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Veterans in Need: LIFTING the Veil on the US Veteran CRISIS

Veterans in need

The crisis YOU need to know about and how WE can fix it!

Unearthing the most GUT-WRENCHING veteran statistics...

It’s YOUR responsibility because we ALL owe these men and women.

16 November 2021 | By Richard Ahern – There’s a crisis in America that you never hear the Biden administration talk about…

FACT-CHECK GUARANTEE (References): [Peer-reviewed research paper: 1 source] [Official statistics: 6 sources] [Medical authority: 1 source] [Government websites: 3 sources] [High-authority and trusted website: 1 source] 

It’s not the crisis of illegal immigrant families needing reparations of almost $1 million, or the “pandemic of the unvaccinated”, and it’s definitely not the crisis of disgruntled parents being “domestic terrorists”.

No, it’s none of those “crises”.

It’s the crisis of patriotic Americans who have put their lives on the line to fight for the country they love being abandoned by that very thing.

It’s the veterans’ crisis.

It’s the men and women who would gladly die fighting for all of us being discarded like a used piece of equipment. The men and women who have suffered life-changing injuries from their service, in some cases it literally costing them an arm and a leg. It’s the men and women who wake up at night sweating, shaking, and crying, thinking they are still in that warzone.

Who is more deserving of government help than our veterans?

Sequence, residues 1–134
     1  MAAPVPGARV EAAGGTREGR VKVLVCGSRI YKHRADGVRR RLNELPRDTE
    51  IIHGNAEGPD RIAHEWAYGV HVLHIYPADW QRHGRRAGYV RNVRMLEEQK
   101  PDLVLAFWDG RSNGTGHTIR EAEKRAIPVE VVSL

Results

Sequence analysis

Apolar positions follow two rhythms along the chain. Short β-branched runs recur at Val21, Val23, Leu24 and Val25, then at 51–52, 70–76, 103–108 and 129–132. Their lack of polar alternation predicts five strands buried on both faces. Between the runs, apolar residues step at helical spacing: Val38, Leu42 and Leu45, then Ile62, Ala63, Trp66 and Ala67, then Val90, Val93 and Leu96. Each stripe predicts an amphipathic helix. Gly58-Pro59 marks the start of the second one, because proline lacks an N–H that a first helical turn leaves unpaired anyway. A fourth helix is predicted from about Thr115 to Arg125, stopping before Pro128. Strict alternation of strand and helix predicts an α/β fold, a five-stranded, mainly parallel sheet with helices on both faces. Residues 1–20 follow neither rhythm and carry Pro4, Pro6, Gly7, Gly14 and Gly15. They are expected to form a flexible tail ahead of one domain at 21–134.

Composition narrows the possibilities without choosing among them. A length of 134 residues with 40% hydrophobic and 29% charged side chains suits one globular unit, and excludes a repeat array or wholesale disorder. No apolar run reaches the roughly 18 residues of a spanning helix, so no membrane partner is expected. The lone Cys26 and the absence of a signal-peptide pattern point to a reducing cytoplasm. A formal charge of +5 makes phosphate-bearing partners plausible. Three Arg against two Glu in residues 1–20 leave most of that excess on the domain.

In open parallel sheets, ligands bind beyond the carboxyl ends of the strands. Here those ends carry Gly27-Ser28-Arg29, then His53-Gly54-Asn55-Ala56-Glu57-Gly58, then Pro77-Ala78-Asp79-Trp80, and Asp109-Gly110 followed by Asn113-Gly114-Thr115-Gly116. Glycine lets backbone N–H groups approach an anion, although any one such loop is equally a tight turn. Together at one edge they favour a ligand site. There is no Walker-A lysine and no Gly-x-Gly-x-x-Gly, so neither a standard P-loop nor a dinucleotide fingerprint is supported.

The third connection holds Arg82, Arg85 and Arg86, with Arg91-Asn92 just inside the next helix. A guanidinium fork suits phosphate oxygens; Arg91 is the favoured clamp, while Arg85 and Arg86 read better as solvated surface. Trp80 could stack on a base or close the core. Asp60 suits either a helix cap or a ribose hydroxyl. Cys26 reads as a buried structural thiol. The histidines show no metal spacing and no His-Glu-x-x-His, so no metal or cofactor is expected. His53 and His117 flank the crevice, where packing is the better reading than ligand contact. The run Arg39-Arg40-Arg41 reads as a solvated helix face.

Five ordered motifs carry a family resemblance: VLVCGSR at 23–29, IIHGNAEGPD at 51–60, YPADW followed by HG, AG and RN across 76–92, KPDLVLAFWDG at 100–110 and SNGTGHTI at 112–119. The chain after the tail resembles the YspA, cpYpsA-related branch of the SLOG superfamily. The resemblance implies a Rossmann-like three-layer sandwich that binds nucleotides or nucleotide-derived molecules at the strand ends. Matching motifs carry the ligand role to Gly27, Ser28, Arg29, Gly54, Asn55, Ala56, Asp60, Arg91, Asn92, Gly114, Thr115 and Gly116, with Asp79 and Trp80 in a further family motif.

Of all people, none are more deserving of unconditional help from their government than the veterans who have fought to keep that government and all its citizens safe.

These are patriots that must not be forgotten, and this is a crisis that must be addressed.

Perhaps we can’t change the world with one article, but we can raise awareness about an important issue, and maybe after reading this, you can help spread the word.

We’ll take a deep dive into the most tear-jerking veteran statistics and examine some of the grim circumstances our heroes find themselves in. 

Every American needs to know about this!

We’ll also discuss our analysis of the root cause of the veteran crisis, how the government can fix it, and how to help the veterans ourselves. 

Are you ready to hear this?

Table of contents (jump to):  

  1. Our heroes are homeless
  2. Unemployed heroes  
  3. Our heroes need medical care
  4. Key statistics
  5. The root cause
  6. The bottom line – how to support our veterans 


Veteran in crisis
A veteran in crisis.

Our heroes are homeless

Some of the most shocking statistics are how many homeless veterans are in the United States.

When we look at how many homeless vets there are in proportion to the general population, we can begin to see how dire this crisis is. 

How many homeless veterans are there?



But here’s something really interesting…

Of all US states, the Democrat-controlled California is miles ahead with the most homeless veterans. In 2020, California recorded 11,401 homeless veterans, the second-worst state for homeless vets was Florida, with a comparatively smaller 2,436.

Whatever way you look at it, there are far too many veterans needing housing.

Why are so many veterans homeless?

joint study between Yale University and the VA Connecticut Health Care System in 2015 found that veterans are at a higher risk of going homeless than the rest of the population. The reason for this is down to factors we will examine shortly. 

Mental illness is a leading cause of homelessness in vets, a large-scale VA study revealed that mental health problems are common among homeless veterans. Veteran statistics also point to substance abuse as a major cause of homelessness. 

There’s more: